This is Keeping Score, a series about games and their soundtracks. As always, you may click on images to view larger versions.
I think I got Gonner in a bundle at some point, since it came with its digital soundtrack. I’d read good things about it as a sort of quick-play action game, so I was happy to nab it along with some other games. More recently, Gonner appeared in the Humble Fight for Racial Justice Bundle, so if you picked that up you may find you have a copy yourself. Developers Art in Heart announced a sequel a few months ago, predictably titled Gonner 2, so there’s more visually striking action platforming coming soon. A good time, then, to give the original a spin.
Gonner is billed as a “tough as hell procedurally-generated 2D platformer with roguelike elements”, but it doesn’t feel particularly roguelike-ish to me. I know that these days, “roguelike” no longer means something very specific, and instead applies to anything with any form of procedural generation or permadeath, but I still think it’s best used for games that capture the spirit of the original roguelike genre. Games like Spelunky or Red Rogue merge platforming with classic roguelikes in a more holistic way, letting players experiment with different systems which can intertwine in unexpected ways, making amusing chain reactions of cause and effect possible, and enabling unusual strategies.
Gonner doesn’t do that. It has procedurally generated levels, but the layouts don’t change enough to make a big difference when playing. What Gonner reminds me of instead is an arcade game. You know, the kind of game that was very difficult and forced you to start over at the beginning if you ran out of lives, unless you had enough quarters to keep feeding the machine. Gonner is hard, and most players will not get very far until they’ve played a few times and started to learn the ropes. Even so, reaching the end is a stiff challenge, although it’s possible to earn a few chances to continue after dying, before being sent all the way back to the beginning. That’s done by blasting a lot of enemies in quick succession, to build up a combo. Every fifth enemy killed without losing the combo will drop a glyph, Gonner’s form of currency. These can be used to buy new items in the shops that appear between levels, or spent to get another try after dying, without resetting everything.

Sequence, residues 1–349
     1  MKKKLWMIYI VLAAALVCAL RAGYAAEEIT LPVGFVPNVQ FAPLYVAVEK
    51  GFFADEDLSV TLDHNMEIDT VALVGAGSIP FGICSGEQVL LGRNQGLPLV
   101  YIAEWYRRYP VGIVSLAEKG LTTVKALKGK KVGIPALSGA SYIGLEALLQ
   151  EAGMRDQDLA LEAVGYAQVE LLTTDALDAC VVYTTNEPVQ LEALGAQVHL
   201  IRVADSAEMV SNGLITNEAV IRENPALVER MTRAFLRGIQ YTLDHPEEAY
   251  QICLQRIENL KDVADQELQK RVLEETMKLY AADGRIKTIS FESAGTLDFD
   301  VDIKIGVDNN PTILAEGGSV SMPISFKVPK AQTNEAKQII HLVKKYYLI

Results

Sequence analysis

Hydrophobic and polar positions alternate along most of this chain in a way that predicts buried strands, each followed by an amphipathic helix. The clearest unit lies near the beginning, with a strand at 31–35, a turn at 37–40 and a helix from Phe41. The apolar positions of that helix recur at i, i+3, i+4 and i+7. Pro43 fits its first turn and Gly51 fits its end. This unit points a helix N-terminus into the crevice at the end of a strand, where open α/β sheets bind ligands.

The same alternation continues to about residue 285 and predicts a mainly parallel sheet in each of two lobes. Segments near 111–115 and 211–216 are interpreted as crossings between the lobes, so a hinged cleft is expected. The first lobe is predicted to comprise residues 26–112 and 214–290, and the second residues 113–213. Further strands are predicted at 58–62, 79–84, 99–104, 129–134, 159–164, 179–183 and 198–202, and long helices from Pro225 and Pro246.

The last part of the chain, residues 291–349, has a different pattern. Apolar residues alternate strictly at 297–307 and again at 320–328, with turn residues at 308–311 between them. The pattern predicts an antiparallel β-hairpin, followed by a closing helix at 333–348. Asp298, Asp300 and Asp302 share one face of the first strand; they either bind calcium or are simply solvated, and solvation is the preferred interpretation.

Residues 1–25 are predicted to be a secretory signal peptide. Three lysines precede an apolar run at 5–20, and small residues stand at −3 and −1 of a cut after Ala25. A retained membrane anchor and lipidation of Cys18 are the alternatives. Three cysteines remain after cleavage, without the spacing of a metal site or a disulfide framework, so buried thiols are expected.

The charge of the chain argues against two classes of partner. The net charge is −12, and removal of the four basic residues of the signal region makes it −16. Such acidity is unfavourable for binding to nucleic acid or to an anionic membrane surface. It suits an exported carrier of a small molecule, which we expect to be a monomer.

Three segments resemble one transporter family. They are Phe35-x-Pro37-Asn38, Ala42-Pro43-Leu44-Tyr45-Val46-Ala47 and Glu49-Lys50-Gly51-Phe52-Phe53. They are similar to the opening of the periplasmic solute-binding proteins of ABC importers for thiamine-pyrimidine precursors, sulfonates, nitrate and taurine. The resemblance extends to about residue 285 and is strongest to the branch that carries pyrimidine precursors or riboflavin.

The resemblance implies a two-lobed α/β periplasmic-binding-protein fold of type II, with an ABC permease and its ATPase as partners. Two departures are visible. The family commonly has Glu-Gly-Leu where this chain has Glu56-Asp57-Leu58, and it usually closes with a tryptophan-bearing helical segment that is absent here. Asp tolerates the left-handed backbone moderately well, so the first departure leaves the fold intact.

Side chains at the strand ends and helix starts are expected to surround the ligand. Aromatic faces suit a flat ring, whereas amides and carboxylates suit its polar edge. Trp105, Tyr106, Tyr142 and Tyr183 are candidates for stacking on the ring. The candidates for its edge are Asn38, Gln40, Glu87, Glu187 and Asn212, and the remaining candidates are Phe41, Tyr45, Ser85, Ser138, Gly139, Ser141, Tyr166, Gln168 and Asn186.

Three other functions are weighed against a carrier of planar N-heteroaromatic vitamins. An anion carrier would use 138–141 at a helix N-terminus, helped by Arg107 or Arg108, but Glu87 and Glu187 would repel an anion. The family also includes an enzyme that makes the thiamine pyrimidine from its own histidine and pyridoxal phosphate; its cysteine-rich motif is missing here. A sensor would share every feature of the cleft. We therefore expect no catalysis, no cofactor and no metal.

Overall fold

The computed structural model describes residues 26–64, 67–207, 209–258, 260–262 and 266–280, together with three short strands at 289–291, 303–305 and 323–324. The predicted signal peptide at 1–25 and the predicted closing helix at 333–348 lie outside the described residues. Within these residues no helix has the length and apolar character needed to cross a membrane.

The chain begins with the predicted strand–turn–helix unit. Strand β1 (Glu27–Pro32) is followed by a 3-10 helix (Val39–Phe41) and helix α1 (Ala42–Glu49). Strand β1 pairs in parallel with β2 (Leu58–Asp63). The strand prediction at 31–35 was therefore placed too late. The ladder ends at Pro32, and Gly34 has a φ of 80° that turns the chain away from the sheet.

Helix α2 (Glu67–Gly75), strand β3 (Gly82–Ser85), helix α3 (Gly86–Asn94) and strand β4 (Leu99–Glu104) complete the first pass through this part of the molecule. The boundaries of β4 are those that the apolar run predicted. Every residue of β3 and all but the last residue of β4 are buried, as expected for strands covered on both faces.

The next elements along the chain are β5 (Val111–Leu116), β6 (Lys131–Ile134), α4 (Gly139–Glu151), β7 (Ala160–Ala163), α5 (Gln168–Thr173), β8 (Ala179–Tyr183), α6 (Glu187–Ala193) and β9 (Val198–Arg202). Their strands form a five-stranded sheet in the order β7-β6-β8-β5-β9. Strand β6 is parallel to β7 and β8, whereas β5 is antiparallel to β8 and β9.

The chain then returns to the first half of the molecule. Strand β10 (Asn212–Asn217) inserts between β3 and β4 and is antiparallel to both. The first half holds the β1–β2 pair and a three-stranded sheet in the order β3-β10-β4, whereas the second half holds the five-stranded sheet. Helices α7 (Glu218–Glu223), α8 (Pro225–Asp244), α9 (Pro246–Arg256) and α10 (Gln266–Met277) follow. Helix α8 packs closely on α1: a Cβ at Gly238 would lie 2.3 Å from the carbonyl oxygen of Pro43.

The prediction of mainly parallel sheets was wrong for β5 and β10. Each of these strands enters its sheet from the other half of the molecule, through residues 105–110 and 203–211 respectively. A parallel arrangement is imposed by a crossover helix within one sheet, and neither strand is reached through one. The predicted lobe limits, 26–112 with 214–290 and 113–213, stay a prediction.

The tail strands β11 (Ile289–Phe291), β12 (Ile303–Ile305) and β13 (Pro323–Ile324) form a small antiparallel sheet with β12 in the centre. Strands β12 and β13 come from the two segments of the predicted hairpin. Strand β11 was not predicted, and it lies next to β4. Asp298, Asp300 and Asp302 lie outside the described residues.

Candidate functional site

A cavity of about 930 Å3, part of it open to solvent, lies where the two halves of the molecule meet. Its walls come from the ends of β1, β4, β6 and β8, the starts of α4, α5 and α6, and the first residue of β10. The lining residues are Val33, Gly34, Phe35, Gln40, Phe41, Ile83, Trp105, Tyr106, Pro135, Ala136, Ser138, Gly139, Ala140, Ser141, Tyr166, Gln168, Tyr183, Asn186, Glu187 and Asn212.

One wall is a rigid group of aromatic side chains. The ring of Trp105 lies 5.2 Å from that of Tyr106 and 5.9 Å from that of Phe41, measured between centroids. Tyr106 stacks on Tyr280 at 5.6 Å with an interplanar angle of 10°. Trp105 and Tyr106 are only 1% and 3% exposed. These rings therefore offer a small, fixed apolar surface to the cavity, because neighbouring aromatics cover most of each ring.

The combo is also used to chase high scores, again reminiscent of the arcade games of yore. It’s not something I was particularly bothered about, preferring to create more modest combos just to accrue glyphs. In fact, I felt that excessive combo-chasing seemed at odds with the harsh nature of the game. Aggressive play suited to building up big combos would just get me killed. I was trying to get to the end of the game, which often meant picking my fights, rather than trying to shoot everything in a blaze of glory. So it wasn’t until after I’d finally reached the end, triumphant, and I dipped into the daily challenge mode, that I discovered what happens with a maxed out combo: the simple color scheme is replaced with a rainbow explosion of psychedelia as one’s score rockets up. I think there are new, extra tough enemies that appear only when one has achieved a maxed out combo like this too.
That’s not the only thing I learned only after finishing the game, either. Gonner isn’t really concerned with explaining itself, leaving players to discover things on their own. Players take control of Ikk, who appears to be a sentient water drop that can take humanoid form, but I only know its name from the developers’ description of the game on digital storefronts. Ikk isn’t named anywhere in the game. Neither is Ikk’s friend, Sally the space whale. The playable tutorial shows Ikk gallivanting around with Sally and learning the controls, but when the tutorial was over, I suddenly found Ikk alone. There was nothing to do except grab a gun as I headed right, and in short order Ikk was in a cave, and there were angry red demons everywhere. I had no idea what was going on, and it seems that’s the way the developers intended it.
It’s not really necessary to understand what’s going on to enjoy Gonner, but a lot of things about the way it works aren’t clear either. Ikk loses its head and its weapon if hit by an enemy, reverting to an invulnerable droplet form for a short time. Ikk’s health is tied to its head, so if Ikk takes another hit before recovering the missing head, it’s game over (unless Ikk has collected enough glyphs for a respawn). Ikk will need to grab the missing gun too, although it’s possible to jump on enemies heads to damage them in a pinch. This much is easy enough to learn. New weapons are pretty easy to figure out too. But when Ikk starts finding new heads with different abilities, their properties aren’t always clear.